The American Institute for Medical and Biological Engineering (AIMBE) has announced the pending induction of Lee E. Miller, Ph.D., Edgar C. Stuntz Distinguished Professor of Neuroscience, Departments of Physiology, Biomedical Engineering, and Physical Medicine and Rehabilitation, Northwestern University, to its College of Fellows. Dr. Miller was nominated, reviewed, and elected by peers and members of the College of Fellows for outstanding contributions to the neuroscience and engineering involved in the development of brain-machine interfaces for the control of movement.
The College of Fellows is comprised of the top two percent of medical and biological engineers in the country. The most accomplished and distinguished engineering and medical school chairs, research directors, professors, innovators, and successful entrepreneurs, comprise the College of Fellows.
AIMBE Fellows are regularly recognized for their contributions in teaching, research, and innovation. AIMBE Fellows have been awarded the Presidential Medal of Science and the Presidential Medal of Technology and Innovation and many also are members of the National Academy of Engineering, National Academy of Medicine, and the National Academy of Sciences.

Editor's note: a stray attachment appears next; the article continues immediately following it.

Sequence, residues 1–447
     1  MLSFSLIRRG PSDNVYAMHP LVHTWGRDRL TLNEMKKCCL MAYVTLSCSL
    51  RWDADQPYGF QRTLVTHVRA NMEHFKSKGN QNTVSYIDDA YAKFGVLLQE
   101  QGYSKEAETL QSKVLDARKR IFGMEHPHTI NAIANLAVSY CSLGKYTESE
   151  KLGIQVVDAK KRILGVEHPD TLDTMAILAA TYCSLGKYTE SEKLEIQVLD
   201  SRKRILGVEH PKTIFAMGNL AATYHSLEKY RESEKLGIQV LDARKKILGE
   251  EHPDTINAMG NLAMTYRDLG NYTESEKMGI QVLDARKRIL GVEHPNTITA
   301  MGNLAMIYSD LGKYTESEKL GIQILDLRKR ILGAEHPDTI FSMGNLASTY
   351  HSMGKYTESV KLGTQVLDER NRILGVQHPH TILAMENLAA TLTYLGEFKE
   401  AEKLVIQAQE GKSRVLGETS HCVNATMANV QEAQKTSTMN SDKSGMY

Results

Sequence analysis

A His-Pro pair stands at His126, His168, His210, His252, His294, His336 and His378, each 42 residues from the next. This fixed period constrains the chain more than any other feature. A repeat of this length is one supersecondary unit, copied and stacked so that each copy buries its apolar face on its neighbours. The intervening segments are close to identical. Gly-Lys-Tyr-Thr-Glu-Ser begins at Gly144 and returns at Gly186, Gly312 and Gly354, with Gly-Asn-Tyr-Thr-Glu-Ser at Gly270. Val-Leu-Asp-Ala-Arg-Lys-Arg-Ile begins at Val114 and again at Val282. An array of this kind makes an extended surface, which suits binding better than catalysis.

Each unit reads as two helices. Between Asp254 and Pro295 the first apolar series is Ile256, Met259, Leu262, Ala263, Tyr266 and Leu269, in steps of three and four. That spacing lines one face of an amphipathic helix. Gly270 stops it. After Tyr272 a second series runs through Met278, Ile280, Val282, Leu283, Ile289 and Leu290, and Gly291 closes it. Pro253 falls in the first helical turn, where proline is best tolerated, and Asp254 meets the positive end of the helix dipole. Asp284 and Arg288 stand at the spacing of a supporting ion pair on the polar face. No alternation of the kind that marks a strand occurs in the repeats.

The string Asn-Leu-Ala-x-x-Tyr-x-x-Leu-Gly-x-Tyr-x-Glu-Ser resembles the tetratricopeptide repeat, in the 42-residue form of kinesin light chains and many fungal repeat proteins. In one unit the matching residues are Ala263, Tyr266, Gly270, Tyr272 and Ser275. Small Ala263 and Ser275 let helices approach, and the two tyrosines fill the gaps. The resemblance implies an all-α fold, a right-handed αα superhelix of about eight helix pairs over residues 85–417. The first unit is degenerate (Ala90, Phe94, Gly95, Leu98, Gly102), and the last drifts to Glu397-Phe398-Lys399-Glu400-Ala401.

A formal induction ceremony will be held during AIMBE’s 25th Annual Meeting at the National Academy of Sciences Great Hall in Washington, DC on April 4, 2016. Dr. Miller will be inducted along with 160 colleagues who make up the AIMBE College of Fellows Class of 2016. For more information about the AIMBE Annual Meet, please visit www.aimbe.org.
AIMBE’s mission is to recognize excellence in, and advocate for, the fields of medical and biological engineering in order to advance society. Since 1991, AIMBE‘s College of Fellows has lead the way for technological growth and advancement in the fields of medical and biological engineering. Fellows have helped revolutionize medicine and related fields in order to enhance and extend the lives of people all over the world. They have also successfully advocated for public policies that have enabled researchers and business-makers to further the interests of engineers, teachers, scientists, clinical practitioners, and ultimately, patients.